I made the bold decision to start the new year with a waistcoat. It is not a project of gigantic proportions, but something to keep my hands busy these dark nights. Striped fabrics were fashionable for several decades during the neoclassical period from the late eighteenth century until at least the 1810´s, or so. Gentlemen who wished to be a la mode could invest in a waistcoat with the stripes running either vertically or horisontally. With this in mind it is obvious that my Regency wardrobe is in desperate need of a horisontally striped AND double-breasted waistcoat. I found this fiercly elegant waistcoat online through Colonial Williamsburg. Who can resist it? I like that the buttons are relatively small and self-covered and placed in two neat rows, not too far apart. I also like the simple collar and the elegant lapels that are just there, without making a statement. If you want more details visit the Williamsburg website here.
Waistcoat, striped pink silk 1780-1800 Origin: Europe or England. Pink and cream silk satin with horizontal stripe, linen lining. Double breasted style with lapels and standing collar. Horizontal pocket welts. Waistcoat is cut straight across at waist. Back of plain linen with fitting ties. Colonial Williamsburg.
A different waistcoat. (From where? Had this image for ages.) It shows the adjustable tabs even though it is unnessecarily bulky.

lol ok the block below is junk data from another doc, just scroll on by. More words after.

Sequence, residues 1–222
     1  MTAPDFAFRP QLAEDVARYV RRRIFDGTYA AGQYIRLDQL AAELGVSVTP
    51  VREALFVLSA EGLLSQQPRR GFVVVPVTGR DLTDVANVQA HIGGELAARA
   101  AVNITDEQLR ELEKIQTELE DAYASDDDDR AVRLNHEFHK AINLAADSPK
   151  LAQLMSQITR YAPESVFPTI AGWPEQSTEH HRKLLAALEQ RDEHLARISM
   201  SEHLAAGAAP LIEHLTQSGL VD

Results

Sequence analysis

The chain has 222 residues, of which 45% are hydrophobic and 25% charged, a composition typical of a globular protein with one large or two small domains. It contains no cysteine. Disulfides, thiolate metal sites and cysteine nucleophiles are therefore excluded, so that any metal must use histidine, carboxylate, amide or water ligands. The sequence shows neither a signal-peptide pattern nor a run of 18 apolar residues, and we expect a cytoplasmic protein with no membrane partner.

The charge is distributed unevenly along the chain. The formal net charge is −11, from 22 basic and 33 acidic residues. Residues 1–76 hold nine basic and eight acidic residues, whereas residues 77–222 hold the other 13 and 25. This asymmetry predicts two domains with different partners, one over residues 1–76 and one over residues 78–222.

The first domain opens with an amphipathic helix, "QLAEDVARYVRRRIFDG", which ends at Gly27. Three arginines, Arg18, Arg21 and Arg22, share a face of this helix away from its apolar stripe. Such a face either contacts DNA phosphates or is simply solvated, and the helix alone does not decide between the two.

Costume Parisien 1811.
Come January and all, I am reluctant to spending a lot of money. Now, modern gentlemen´s shirts are often striped, aren´t they? After a look in my closet I found this rarely used Italian shirt. Heard of Alessandro Fellini, anyone? I guess it was rather expensive at some point, but I was not emotionally attached to it and decided to repurpose it.
Many fine details on this shirt. Figured I would not likely wear it again, but the striped cotton is nice and the colours match my coats and breeches.
Carefully cutting the pieces. The back had just enough material for the waistcoat fronts.
The cotton is rather thin, so I decided to interline it with mustard linen, to give it some weight. Seen here with a strip of heavier linen to give support to the buttons.
Inside of right front sewn here with the facing. It needed some piecing, so there are two seams following the stripes and one vertical seam.
Again the right part, folded along the seam with the linen interlining sandwiched between the striped layers.
There is a lot of work left to do, but couldn´t resist starting on the buttons. The cotton is woven in diagonal stripes, so I decided to use this effect here.
I think these metal buttons work fine. Fortunately they are not too expensive. I need at least a dozen.
Lapel and button.
Now for some more linen to cut the back!